We use cookies to ensure that we give you the best experience on our website. By continuing to browse this repository, you give consent for essential cookies to be used. You can read more about our Privacy and Cookie Policy.

Durham Research Online
You are in:

Light, vision and religious experience in Byzantium.

Louth, A. (2004) 'Light, vision and religious experience in Byzantium.', in The presence of light : divine radiance and religious experience. Chicago: University of Chicago Press, pp. 85-103.


This chapter is principally concerned with the experience of the divine, uncreated light in monastic writers belonging to the hesychast tradition (a term I shall explain in a moment); this is, I think, natural, for it is this tradition that dominates our perception of the Christian Byzantine tradition, whether one is looking at the historical era of the Byzantine world, brought to an abrupt conclusion in 1453 with the sack of Constantinople by the Ottomans, or is concerned with the increasingly significant presence of the Byzantine Orthodox tradition (including the Slav Orthodox tradition, but in distinction from the Oriental Orthodox tradition, of the Syrians and Copts, for instance) in today’s world, a result of both the fall of the iron curtain and emigration from traditionally Orthodox countries over the past two centuries. But the question of light and religious experience is a wider one than what we might call the “light mysticism” of the hesychasts, and I want to start by indicating something of that.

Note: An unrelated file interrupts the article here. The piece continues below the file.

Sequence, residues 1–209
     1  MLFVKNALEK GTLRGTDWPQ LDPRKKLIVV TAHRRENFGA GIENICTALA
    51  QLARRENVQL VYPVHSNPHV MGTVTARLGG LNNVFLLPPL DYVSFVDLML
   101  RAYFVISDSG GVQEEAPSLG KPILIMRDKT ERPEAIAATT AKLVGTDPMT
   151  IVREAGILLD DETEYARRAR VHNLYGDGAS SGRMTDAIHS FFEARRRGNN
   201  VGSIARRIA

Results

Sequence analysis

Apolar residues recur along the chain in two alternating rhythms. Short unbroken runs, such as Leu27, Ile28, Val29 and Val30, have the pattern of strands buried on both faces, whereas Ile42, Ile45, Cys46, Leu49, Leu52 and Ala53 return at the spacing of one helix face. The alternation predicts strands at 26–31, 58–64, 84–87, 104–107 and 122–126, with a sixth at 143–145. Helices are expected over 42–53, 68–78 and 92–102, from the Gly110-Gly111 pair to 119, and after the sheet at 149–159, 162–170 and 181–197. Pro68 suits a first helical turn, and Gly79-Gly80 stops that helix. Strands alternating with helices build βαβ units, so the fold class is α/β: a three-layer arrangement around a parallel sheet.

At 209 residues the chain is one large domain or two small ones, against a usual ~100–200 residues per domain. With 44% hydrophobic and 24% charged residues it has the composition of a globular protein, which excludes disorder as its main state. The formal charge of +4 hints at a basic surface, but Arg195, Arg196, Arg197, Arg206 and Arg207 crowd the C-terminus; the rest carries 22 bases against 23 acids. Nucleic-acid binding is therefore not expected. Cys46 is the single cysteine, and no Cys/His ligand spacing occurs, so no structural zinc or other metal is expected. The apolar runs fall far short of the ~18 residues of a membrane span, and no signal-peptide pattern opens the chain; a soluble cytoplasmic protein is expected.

Item Type:Book chapter
Keywords:Byzantine hesychasm, Saint Maximos the Confessor, Saint Symeon the New Theologian, Theophanes of Nicaea.
Full text:(VoR) Version of Record
Download PDF
Publisher Web site:
Publisher statement:© 2004 by The University of Chicago
Date accepted:No date available
Date deposited:02 July 2008
Date of first online publication:2004
Date first made open access:No date available

Save or Share this output

Look up in GoogleScholar